NerdWallet’s Best Prepaid Debit Cards - NerdWallet
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NerdWallet’s Best Prepaid Debit Cards

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best prepaid debit cards

A prepaid debit card can take the place of a bank account or credit card if you don’t have one. Even people with bank accounts have started using these reloadable cards as budgeting tools.

The cards got negative attention last month when hip-hop magnate Russell Simmons’ RushCard left thousands of customers unable to use their accounts for more than a week. The fact is, as helpful as they can be, prepaid debit cards tend to have more fees than bank debit or credit cards, and their issuers don’t face the same strict federal regulations.

When looking for the best one, consider a card’s protections along with its fees, features and availability. Here are the prepaid debit cards that top our list in various categories.

MORE: When It Makes Sense to Buy a Prepaid Debit Card

Best overall prepaid card: Bluebird by American Express and Wal-Mart

Bluebird, a prepaid account offered through American Express and Wal-Mart, carries minimal fees while offering features suitable for banked and unbanked customers alike. You can use this card for free in stores and at over 24,000 MoneyPass ATMs; there is a $2.50 fee for using an out-of-network ATM. There are six ways to load money onto the card, including depositing cash at Wal-Mart stores and using a mobile check deposit service through the Bluebird app. This prepaid card also has a few other perks, such as free bill pay, check writing, purchase and fraud protections and the ability to have a master account linked to four “family” accounts.

The Bluebird card typically works where merchants accept American Express, which has a smaller network than Visa and MasterCard. To get the card, register for a Bluebird account free online or by mobile, or buy a setup kit at a local Wal-Mart store for $5. No credit check is required to apply, and there’s no monthly fee.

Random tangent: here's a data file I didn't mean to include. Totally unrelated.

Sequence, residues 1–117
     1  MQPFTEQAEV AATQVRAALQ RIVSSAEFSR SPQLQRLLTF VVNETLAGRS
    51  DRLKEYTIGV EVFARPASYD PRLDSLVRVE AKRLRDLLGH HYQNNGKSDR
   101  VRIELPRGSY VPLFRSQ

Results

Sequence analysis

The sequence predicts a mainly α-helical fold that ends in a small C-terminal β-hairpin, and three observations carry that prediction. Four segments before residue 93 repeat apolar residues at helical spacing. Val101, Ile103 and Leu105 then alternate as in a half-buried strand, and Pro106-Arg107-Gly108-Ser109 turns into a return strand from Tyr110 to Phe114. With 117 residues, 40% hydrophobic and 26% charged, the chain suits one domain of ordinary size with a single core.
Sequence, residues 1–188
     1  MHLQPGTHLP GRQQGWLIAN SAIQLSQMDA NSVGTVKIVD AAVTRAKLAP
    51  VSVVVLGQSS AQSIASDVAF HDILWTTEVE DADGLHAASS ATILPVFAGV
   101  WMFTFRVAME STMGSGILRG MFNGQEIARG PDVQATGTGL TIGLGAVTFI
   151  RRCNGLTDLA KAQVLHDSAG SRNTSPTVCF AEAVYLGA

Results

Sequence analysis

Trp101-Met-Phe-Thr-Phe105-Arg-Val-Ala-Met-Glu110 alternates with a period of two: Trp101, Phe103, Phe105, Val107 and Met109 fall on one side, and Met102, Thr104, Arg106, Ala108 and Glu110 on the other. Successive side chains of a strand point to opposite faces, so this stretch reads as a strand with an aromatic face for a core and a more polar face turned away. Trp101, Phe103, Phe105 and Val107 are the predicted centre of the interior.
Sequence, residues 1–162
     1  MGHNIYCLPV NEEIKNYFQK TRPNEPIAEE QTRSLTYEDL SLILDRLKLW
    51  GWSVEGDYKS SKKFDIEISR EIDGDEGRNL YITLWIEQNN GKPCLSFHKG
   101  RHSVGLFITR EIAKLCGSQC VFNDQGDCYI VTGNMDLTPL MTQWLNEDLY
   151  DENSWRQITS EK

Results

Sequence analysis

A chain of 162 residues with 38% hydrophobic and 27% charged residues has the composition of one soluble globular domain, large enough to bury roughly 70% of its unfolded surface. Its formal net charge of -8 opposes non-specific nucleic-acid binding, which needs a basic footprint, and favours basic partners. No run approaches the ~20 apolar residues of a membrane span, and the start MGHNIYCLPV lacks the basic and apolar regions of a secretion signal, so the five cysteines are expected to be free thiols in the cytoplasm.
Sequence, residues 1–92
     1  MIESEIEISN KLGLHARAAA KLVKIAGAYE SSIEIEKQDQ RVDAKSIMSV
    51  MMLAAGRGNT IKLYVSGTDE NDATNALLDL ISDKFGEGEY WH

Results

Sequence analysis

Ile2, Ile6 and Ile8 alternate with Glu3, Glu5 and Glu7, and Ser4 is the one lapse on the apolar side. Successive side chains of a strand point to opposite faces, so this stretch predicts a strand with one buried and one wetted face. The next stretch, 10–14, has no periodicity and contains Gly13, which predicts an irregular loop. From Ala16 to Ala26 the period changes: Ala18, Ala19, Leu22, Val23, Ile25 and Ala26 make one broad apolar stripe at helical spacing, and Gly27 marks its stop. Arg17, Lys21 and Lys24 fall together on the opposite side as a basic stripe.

Best prepaid card for cash reloading: American Express Serve Free Reloads

Although similar in its features and protections to the Bluebird, the American Express Serve Free Reloads prepaid card stands out as more cash-friendly. You can load your card with cash for free at over 45,000 locations nationwide, including Rite Aid, Wal-Mart and participating 7-Eleven stores. The trade-off is a $4.95 monthly fee, except in Texas, New York and Vermont, where there is no fee. This prepaid card also has mobile check deposit and bill pay capabilities, and allows for up to four “subaccounts” linked to a master account. You can buy this card at select retailers for up to $3.95 or order it online for free. Like other American Express prepaid cards, no credit check is required.

Best prepaid cards for ATMs

Wal-Mart MoneyCard Preferred

Because of its ATM network availability and low fees, the Wal-Mart MoneyCard is especially good for customers who rely on ATMs. The card lets you use any of the 24,000 or more MoneyPass ATM locations nationwide for free. If you use an ATM outside that network, you must pay $2 for a withdrawal, which is slightly cheaper than what many other prepaid cards charge.

Of the four types of Wal-Mart MoneyCard, the preferred plan costs $4 to buy but provides free cash reloads in Wal-Mart stores as well as free reloads by check and direct deposit. You can get its $3 monthly service fee waived by enrolling in direct deposit for payroll or government benefits or by loading up to $500 each month. No credit check is necessary.

American Express Serve

The other standout card in this category is American Express’s basic Serve card, which also has low fees and offers free use of the MoneyPass ATM network. It costs $2.50 to withdraw or check a balance at a non-MoneyPass ATM. There’s a $1 monthly service charge, which can be waived by having a direct deposit of $500 or more each month, like Wal-Mart’s card. Despite this cheaper monthly fee, cash reloading costs up to $3.95 at participating stores. Fraud and purchase protection come with this card, and no credit check is required.